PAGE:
Farewell to Beijing City

28/09/2010
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Posted by Philip Jacenstedt on June 7, 2010

This is the Beijing travel review of Phillip Jacenstedt, and he had been stayed in Beijing for three months. Before he went to his homeland, he worte the following article to farewell.

This isn’t the first time I’ve said goodbye to Beijing. Last time I’d been here for 1.5 years, while this time was only 3 months. Ever since I left last I always wanted to come back, so when I finally got the chance to come here on Opera’s Bridge the World program, I jumped on it without hesitation. How delightful it has been to once again walk these streets, speak this language and eat this food. I haven’t missed Sweden the slightest bit. This is far from paradise on earth, but this city is alive! This is what I wrote last time I said my farewell, and it still captures quite well how I feel:

“Usually when listing Beijing’s good qualities, one would mention the Great Wall, the Forbidden City, Beijing Opera, Beijing Duck and other traditional symbols. The Great Wall sure is Great and the summer palace is magnificent, but the things that leave the biggest impression on me are the small things. Buying roasted chestnuts on the street, analyzing Chinese grammar in the classroom, eating Korean food in Wudaokou, strolling around at Houhai with my girlfriend (now wife), watching Jiang Wen’s newest film at the cinema, singing Jay Chou at karaoke – this is my Beijing.”

For the benefit of future visitors to Beijing, I present my Best of Beijing. First things first. Everyone must eat, and in Beijing it’s a pure pleasure:

Xiangguo (香锅) is ingredients of your own choosing fried in a big pot together with plenty of red peppers, Sichuan pepper (花椒), garlic and some other magic ingredients. This is without a doubt my favorite food on the planet. I recommend the chain Chuanchengyuan (川成元), particularly the restaurant in Shuangjing (双井). Best served with a glass of Suanmeitang (酸梅汤).

Hot pot (火锅) is a bit similar to Xiangguo in that you pick the ingredients yourself, but this time you boil it yourself in a soup base of your choosing (麻辣 or 酸辣 is best) and then dip it in a thick sesame sauce (麻酱). Among my favorite ingredients are fried tofu-skin (炸豆皮), gluten balls (面筋), potatoes, mushrooms (particularly 金针菇) and corn.

Shredded potato (土豆丝) is great, particularly the deep-fried kind (香辣土豆丝) which I have unfortunately never found outside of Wudaokou (五道口) for some reason.

Congee (粥) is a kind of rice porridge that comes in many flavors. If you’re Korean, watch out for the Coriander (香菜).

Dumplings (饺子) is kind of everyday food, but it’s really great. Best served with Chinese vinegar (老醋). The fried kind are great too!

Hong Kong style deserts, especially various combinations of mango and coconut. I recommend Honeymoon Dessert (满记甜品) or Bellagio (鹿港小镇), both at Shinkong Place (新光天地).
Eating isn’t the only thing you can do in Beijing, however:

If you only visit one old place in Beijing, it should be the Summer Palace (颐和园), not the Forbidden City (where everything looks the same).

If you go to a park in the morning or evening, you can see people dancing or doing aerobics of some sort. I don’t recommend joining in, but just watching it is a bit unreal simply because of how badly some people dance without showing any sign of embarrassment or restraint.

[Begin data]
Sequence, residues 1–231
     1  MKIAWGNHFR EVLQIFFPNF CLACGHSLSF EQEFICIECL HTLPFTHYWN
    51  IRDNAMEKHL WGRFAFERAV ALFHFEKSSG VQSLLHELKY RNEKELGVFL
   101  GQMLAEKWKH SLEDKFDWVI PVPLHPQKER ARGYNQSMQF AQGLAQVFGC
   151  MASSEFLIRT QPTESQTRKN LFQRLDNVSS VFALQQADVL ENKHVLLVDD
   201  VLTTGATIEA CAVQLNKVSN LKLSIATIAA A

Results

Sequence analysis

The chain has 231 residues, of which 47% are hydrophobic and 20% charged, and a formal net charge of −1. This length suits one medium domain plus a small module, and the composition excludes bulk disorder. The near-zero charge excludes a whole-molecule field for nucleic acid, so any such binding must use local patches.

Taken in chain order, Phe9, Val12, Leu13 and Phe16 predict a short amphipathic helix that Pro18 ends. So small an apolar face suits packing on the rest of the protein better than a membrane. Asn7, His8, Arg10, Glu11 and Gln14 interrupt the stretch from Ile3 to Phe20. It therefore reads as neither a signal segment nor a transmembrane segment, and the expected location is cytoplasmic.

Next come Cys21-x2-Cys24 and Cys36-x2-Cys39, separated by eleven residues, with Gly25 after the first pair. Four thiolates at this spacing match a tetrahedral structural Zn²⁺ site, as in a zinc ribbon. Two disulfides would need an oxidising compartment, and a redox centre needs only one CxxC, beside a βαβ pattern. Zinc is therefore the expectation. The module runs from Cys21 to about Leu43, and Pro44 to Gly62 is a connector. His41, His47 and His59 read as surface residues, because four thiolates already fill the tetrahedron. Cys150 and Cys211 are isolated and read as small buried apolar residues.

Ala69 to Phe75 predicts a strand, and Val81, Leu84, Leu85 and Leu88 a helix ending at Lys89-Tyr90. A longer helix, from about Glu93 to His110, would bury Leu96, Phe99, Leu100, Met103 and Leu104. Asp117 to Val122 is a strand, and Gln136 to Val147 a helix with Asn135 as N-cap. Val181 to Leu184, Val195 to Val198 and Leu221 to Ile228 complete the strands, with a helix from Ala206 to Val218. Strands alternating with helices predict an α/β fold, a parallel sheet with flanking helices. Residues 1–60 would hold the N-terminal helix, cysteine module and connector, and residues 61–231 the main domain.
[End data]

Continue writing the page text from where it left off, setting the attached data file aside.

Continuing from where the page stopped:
KTV is what karaoke is usually called. No alcohol is required to have fun, but reading Traditional Chinese is required to sing (because almost all good Chinese music is made in Hong Kong and Taiwan).

Chinese cinema has a lot to offer. The most awesome cinema I’ve been to (in the world) is the 当代MOMA Broadway Cinematheque. They show unfamous films by unfamous Chinese directors and is ridiculously artsy-fartsy, with the entrance being a bookstore/cafe.

The “old goods” market in Panjiayuan (潘家园旧货市场) is full of cheap copies and scammers. Still, it is much more fun than the crowded in-door “market” in Silk Street (秀水) where most tourists go.

Laoshe’s Tea House (老舍茶馆) has a kind of variety performance with the best of various kinds of traditional Chinese art forms. Sitting through a whole performance of Beijing Opera would drive anyone mad, but seeing just a bit of it at Laoshe’s is actually quite enjoyable. It’s targeted only a foreigners, but it’s good anyway. Bian lian (变脸) is some awesome stuff!

I could keep on praising China for quite a bit more without exaggerating, but I can’t finish on solely a positive note. Last time I left China I was very optimistic about the future. Beijing is such a modern city and it’s not difficult to assume that it and the country as a whole will continue to develop and slowly become more civilized. Unfortunately, some things have gotten much worse in the last two years. Censorship of the net has become considerably more noticeable, something that happened around the 60th anniversary of the PRC and then just didn’t go back to normal. Apart from the Great Firewall there is also an army of human operators actively monitoring and filtering any user-generated content. Together with self-censorship (of which I am guilty) it is surprisingly effective. Anything or anyone that is not harmonious  will be harmonized  and will never have existed. Censorship works and I really don’t see how significant change will come about anytime soon. I only hope that in my lifetime I will be able to visit a China which has done away with all of this nonsense.

Despite its flaws, I still love Beijing and China. Many thanks to Opera Software and Bridge the World for letting me enjoy Beijing once more! I will be back.

P.S. I don’t have my pictures on this computer, I will update this post or make a separate post when I have them